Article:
Biomedical engineering companies use Sisulizer to create localized versions of the software that drives their hardware products.
Biomedical engineering software is used worldwide to control medical machines and monitor healthcare and medical processes. While many biomedical engineering companies sell their products worldwide, the machine operators and other individuals who use biomedical equipment typically read and speak only one language. So the translation and localization of the software has to be precise and reliable.
Sisulizer lets biomedical engineers create professionally translated and localized versions available in every language in which the company does business. In addition to maintaining consistent practices and instructions throughout the world, the biomedical software may have to be revised to reflect local laws, safety regulations, and business practices.
Sisulizer lets hardware manufacturers manage these biomedical software translation and localization processes efficiently and effectively.
Each localization project within the biomedical engineering company is a three-step process.
First, manufacturer's IT department uses Sisulizer to scan the software application and locate all of the text. Sisulizer runs on Windows, and works directly with popular development platforms like .Net, C++Builder, Delphi, FireMonkey, Visual Basic, Visual C++, Java, Windows binary files, and other.
The program works visually with HTML and XML. Sisulizer can also grab text from files widely used to store translatable content like .txt, .ini, or .po, JSON files and databases.
The biomedical manufacturing company's software developers determine which Windows resources to translate and localize, including icons, menus, dialog boxes, strings, accelerators, versions, and manifest resources.
The company's IT managers like Sisulizer because it also operates in the mobile world. The software supports Android, and J2ME, .NET for Smart Devices, and Windows Mobile.
Second, translators use Sisulizer's visual editor to do the translation work. The biomedical engineering company's in-house employees can begin the translation work, and mark each phrase as translated properly, auto-translated, translated by best guess, out for review, or complete. Alternatively, the biomedical manufacturer's IT staff can use Sisulizer's Exchange Wizard to create and send an outside translator a single file that contains a self-installing Sisulizer Free Edition, along with the project file.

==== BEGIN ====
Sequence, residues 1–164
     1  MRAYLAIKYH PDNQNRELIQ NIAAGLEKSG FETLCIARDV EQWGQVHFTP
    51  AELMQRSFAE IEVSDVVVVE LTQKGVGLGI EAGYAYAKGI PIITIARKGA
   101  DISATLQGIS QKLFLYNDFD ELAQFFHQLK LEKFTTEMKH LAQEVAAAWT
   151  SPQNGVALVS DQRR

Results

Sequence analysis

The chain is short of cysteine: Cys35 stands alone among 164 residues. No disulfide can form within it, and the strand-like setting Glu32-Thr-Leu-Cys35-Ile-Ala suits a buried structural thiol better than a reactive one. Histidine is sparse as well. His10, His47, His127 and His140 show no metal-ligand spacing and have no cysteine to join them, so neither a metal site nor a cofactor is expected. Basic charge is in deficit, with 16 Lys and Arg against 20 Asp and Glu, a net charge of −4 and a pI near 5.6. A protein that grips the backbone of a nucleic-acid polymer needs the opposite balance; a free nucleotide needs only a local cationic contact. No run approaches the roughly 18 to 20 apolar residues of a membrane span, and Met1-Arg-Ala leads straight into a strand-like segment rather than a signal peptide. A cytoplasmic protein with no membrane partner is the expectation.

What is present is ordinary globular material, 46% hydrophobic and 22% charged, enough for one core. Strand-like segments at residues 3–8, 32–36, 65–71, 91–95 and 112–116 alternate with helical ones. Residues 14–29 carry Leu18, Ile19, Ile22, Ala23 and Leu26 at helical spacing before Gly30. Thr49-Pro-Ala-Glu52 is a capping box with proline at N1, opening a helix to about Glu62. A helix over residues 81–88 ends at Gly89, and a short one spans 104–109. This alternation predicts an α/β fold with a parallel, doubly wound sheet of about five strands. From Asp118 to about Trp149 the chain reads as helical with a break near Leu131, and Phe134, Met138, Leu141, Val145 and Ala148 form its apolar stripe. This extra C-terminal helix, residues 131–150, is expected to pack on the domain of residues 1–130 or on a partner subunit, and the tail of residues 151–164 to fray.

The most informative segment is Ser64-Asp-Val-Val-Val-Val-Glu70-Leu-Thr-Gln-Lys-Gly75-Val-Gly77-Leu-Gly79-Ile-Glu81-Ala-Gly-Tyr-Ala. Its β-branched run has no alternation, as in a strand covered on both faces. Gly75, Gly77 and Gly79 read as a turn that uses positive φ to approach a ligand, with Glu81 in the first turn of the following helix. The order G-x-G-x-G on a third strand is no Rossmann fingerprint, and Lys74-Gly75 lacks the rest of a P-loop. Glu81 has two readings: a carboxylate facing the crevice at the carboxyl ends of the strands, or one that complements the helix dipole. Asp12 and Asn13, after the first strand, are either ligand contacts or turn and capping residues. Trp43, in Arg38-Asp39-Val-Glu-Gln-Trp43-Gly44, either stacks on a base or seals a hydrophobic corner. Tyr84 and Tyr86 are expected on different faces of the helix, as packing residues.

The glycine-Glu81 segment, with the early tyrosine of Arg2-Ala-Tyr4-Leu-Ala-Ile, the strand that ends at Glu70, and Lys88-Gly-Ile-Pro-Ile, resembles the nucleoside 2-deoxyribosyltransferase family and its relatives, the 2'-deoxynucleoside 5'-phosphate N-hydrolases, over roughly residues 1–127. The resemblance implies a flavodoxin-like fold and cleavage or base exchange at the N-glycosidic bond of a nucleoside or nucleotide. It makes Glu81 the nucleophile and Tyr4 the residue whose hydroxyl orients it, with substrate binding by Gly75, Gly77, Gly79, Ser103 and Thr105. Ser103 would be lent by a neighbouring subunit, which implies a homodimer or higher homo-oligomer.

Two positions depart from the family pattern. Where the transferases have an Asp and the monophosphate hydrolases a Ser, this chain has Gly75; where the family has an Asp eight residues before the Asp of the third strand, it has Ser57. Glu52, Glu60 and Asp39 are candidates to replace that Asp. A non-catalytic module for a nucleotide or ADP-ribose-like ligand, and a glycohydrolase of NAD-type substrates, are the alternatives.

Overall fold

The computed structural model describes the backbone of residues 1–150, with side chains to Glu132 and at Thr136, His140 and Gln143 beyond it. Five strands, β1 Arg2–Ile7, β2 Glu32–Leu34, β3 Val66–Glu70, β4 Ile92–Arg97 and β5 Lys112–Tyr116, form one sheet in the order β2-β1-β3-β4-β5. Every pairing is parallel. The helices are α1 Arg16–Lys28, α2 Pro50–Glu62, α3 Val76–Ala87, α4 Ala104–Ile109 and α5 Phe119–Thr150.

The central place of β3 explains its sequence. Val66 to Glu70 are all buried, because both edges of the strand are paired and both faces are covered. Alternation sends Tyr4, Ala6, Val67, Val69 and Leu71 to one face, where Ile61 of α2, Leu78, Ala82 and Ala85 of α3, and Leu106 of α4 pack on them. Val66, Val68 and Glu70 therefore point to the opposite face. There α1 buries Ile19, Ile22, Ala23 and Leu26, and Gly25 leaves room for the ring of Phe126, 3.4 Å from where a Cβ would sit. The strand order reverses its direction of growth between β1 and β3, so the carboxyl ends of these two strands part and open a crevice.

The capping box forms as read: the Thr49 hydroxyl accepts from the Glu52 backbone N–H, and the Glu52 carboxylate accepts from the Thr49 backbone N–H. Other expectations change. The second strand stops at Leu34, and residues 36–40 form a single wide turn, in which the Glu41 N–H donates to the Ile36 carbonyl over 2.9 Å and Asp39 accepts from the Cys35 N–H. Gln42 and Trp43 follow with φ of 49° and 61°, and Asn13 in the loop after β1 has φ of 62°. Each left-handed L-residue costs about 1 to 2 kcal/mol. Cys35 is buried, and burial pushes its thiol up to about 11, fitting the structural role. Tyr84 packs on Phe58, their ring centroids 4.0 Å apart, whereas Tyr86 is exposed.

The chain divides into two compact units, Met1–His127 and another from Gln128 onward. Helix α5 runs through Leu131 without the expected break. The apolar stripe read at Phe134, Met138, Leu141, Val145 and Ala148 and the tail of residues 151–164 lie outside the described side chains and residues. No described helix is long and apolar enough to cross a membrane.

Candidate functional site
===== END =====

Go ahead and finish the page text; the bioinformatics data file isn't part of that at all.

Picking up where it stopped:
When the company's translator has completed their translation work, they'll run Sisulizer's Exchange Wizard to create a single file that is sent back to the biomedical hardware manufacturing firm.
The translator never has access to your source code, so there is never a risk that you will lose control of confidential information such as hardware trade secrets. And there is no risk that the translator will accidentally change the source code and adversely affect the operation of the device.
Third, the biomedical company's IT department will build the new localized version of the software. Simply run Sisulizer using the translated file, and build the new version of the software application in the new language. There's no need for the biomedical manufacturer's IT staff to manually track where each text snippet belongs. Sisulizer manages the localization project, and automatically builds the new version of the application that controls your biomedical hardware device.
Sisulizer Tracks the Biomedical Company's Text. In support of manufacturing companies, Sisulizer easily handles all languages, including right-to-left and double-byte languages. The program keeps track of what has already been translated, making it fast and inexpensive for you to translate later versions of your software application whenever the company needs to release an updated version of the software, either to support a new version of the hardware or to support a custom version of the hardware